U.S. House members who are trying to make the step up to the Senate this year are finding themselves on the defensive about Washington experience that traditionally has been a big asset.
Even those not under direct attack for being part of Congress are finessing the way they talk about their work in the nation's capital -- evidence that the strong anti-incumbent sentiment among voters in 2010 is still there two years later.
"Washington experience or experience in elected office in Washington is not necessarily the ticket to the U.S. Senate it has been in the past," said Chris LaCivita, a Republican strategist. "Clearly people are looking for something different."
Campaigns clearly see that. Just look at Republican primaries in three key states: Missouri, Connecticut and Arizona.
In Missouri, Rep. Todd Akin has had to defend his time in Washington as his two primary opponents criticize votes he has taken and position themselves as outsiders. In Connecticut, Linda McMahon, running again after being soundly beaten in her 2010 Senate race, is getting traction with party activists as an outsider opposite former Rep. Chris Shays. And in Arizona, Rep. Jeff Flake, largely viewed as a conservative outsider in the House, is being slapped with the insider label by his tea party-inspired opponent.
Some House Democrats looking to make the leap are dealing with the same stigma.
Hawaii Rep. Mazie Hirono, trying to succeed retiring Daniel Akaka in what has been a sure seat for Democrats, faces Republican Gov. Linda Lingle, who's made her status as a Washington outsider a key part of her appeal. In Nevada, Rep. Shelley Berkley has come under fire for her work in the House by her opponent, GOP Sen. Dean Heller -- himself a former member of the House.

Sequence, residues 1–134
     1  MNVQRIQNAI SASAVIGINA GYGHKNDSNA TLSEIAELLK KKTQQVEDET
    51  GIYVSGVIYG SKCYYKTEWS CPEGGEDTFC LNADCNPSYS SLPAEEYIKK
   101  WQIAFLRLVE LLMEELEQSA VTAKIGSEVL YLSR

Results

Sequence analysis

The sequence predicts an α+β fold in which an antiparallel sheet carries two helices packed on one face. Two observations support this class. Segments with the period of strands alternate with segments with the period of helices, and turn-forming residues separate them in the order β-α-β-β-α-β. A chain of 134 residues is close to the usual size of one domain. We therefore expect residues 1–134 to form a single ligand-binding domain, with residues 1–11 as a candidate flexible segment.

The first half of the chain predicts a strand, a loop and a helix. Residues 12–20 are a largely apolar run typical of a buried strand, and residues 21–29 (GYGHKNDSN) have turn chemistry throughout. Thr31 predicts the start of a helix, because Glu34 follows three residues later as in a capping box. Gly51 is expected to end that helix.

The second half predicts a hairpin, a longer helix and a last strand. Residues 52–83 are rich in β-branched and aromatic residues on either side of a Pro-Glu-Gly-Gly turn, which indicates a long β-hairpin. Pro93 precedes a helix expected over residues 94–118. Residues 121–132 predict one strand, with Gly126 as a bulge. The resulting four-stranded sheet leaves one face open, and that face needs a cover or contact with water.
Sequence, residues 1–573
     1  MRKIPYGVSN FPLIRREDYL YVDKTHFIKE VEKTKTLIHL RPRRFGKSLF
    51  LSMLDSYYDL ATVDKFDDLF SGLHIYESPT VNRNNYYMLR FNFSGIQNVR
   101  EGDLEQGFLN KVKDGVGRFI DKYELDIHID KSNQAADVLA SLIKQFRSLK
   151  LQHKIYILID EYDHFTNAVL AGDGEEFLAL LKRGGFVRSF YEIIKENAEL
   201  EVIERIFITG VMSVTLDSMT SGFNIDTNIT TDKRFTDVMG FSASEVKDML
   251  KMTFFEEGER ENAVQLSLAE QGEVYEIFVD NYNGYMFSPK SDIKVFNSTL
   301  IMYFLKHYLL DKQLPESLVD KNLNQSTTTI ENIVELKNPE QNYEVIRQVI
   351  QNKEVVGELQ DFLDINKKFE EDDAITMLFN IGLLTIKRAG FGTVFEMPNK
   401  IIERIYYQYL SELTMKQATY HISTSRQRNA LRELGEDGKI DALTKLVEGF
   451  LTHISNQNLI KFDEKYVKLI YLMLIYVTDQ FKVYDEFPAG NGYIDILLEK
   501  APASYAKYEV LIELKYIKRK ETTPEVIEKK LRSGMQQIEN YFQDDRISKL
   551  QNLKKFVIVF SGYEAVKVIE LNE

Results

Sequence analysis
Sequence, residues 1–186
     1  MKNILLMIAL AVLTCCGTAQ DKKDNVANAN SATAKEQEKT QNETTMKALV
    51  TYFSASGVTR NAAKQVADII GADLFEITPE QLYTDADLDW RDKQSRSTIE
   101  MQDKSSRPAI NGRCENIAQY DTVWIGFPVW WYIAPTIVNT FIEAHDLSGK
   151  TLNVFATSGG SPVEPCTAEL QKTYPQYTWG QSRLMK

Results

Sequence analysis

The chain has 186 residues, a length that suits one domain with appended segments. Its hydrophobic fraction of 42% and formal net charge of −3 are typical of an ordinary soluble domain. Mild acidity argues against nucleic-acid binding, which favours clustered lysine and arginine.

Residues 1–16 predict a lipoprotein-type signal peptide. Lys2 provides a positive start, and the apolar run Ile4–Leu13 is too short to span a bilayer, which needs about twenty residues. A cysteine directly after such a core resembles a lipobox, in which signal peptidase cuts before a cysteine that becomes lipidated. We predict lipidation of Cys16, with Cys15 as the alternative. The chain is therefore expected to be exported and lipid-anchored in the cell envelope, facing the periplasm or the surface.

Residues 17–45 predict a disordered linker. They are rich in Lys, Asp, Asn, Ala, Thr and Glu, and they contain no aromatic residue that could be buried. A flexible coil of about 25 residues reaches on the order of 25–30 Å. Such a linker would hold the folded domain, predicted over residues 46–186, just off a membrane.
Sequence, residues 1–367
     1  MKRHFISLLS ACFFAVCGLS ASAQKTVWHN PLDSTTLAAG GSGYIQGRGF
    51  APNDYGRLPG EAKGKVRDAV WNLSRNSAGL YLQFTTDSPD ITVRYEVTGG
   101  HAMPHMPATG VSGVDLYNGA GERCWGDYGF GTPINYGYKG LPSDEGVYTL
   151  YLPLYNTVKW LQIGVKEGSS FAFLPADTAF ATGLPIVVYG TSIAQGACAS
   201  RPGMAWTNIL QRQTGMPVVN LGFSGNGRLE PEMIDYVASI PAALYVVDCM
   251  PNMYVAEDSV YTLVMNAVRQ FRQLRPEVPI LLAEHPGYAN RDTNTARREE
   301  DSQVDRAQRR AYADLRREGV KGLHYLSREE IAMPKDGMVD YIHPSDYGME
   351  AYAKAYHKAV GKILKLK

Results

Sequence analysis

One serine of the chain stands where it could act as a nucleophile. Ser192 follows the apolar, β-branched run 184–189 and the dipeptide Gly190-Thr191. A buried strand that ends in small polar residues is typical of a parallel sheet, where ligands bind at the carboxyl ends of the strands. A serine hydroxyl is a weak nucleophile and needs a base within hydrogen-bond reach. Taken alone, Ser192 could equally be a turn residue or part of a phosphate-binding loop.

Bashing members of the House makes sense. Polls show voters' disdain for Congress at near historic levels.
A mid-April CBS/New York Times poll put Congress' approval rating at 13 percent, with 77 percent disapproving of how members are handling their jobs. Another poll, conducted by Quinnipiac in mid-April, had approval for Democrat and Republican members of Congress at 27 percent and 23 percent respectively.
Historically, voters have valued experience. Half of the Senate's current members first served in the House, including seven of the 16 who were newly elected in 2010.
But over the past three election cycles -- two strong Democratic years before the Republican wave of 2010 -- voters have been looking more and more for candidates viewed as fresh faces. The biggest examples two years ago were Mike Lee's upset of 18-year Senate veteran Robert Bennett in Utah's GOP caucus and veteran GOP Rep. Mike Castle's loss in Delaware's GOP Senate primary to tea party-endorsed Christine O'Donnell.
"Republican primaries, especially on the Republican side, reward those who go to the extremes as opposed to rewarding those who seek to govern and lead," said Democratic consultant Chris Lehane. "As a consequence, the incumbency tag becomes the electoral equivalent of the scarlet letter and makes a candidate vulnerable to charges of being a compromiser."
Running with a record in the House still has its advantages. The candidate starts with name recognition, a political and geographic base, easier access to campaign cash, a larger platform to launch a campaign from and a better ability to attract quality staff.
But all of that can be upended when voters are angry.
"Congress is more fundamentally unpopular now than in 2010," said Jenny Backus, a Democratic strategist. "People think they sent a message in 2010 and they think it's fallen on deaf ears, so they're almost twice as mad at Washington. Things didn't get fixed and so the disapproval numbers of Congress have bottomed out. So candidates are sort of running away from that label."
That's why a candidate like Rep. Connie Mack, eager to sew up tea party support in his GOP Senate primary in Florida, recently called the Republican budget passed by his colleagues in the House a "joke" -- before clarifying that he was referring to the process by which the budget passed.
And it's why first-term Rep. Rick Berg, R-N.D., running for the Senate against former state attorney general Heidi Heitkamp, will continue to sound like a candidate who hasn't spent two years in Washington already.
"If we don't do something," Berg said at the end of March, in accepting his party's nomination, "our kids are going to live in an America that has lost its way."